4) You Won’t Be Bloated Anymore
While it’s not a pleasant topic, dairy and gluten can cause bloating, constipation, diarrhea, and gas. Who wants to experience that?
Dysbiosis is the primary cause of these symptoms and occurs when the good microorganisms in your gut are outnumbered by the bad ones.
It also happens in SIBO (small intestinal bacterial overgrowth), when bacteria relocate to the small intestine where they shouldn’t be.
Normally the gut flora serves to keep out the bad stuff so that you don’t get sick, but if your flora is compromised, problem-causing bacteria may take up residence, and inflammation can follow.6 Yeast and parasites also contribute to dysbiosis and bloating.
When you have food sensitivities, dysbiosis is exacerbated by continually eating inflammatory foods. Once those foods are removed, often for 3-6 months, the body can begin the process of healing and rebalancing the gut flora. Probiotics and prebiotics can further help balance the gut.
Probiotics, either in supplement form or through fermented foods like kefir, kimchi, or sauerkraut help supply beneficial bacteria. Prebiotic foods like Jerusalem artichokes, jicama, chicory, garlic, and onions provide important nutrients that support the good bacteria. However, if you have SIBO, you’ll want to avoid these probiotics, as they’ll feed the bacteria that has migrated to your small intestine and will exacerbate the issue.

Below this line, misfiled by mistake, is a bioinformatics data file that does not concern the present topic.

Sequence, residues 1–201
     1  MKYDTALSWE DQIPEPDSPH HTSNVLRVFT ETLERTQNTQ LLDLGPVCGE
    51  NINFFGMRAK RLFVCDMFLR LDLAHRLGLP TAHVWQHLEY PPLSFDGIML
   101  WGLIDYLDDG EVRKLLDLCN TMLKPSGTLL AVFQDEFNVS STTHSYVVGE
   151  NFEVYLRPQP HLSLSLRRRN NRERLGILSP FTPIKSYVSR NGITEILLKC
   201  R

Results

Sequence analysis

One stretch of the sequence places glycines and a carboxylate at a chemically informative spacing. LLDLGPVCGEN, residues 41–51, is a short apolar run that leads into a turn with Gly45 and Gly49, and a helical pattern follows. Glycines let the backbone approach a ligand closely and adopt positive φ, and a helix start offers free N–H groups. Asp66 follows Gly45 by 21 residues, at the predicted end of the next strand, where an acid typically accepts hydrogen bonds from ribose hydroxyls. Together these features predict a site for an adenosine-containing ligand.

5) Cravings Will Be Under Control
Intense food cravings, especially for sweets, are a sign that something is out of whack with your body.
Refined sugars and artificial sweeteners can create a vicious cycle of inflammation and food cravings that perpetuate each other because of the chemical changes that occur in your body, especially in the gut and brain.
When your body is chronically inflamed, eating these foods will only make the situation worse.
Getting your cravings under control is the key to stopping this cycle permanently.
Dr. Frank Lipman, a functional and integrative medicine physician, is outspoken on the ills of sugar. To combat the cravings, he suggests:
- Eating regularly so that your blood sugar doesn’t drop and incite cravings
- Selecting whole foods, especially fruits, leafy greens, and other vegetables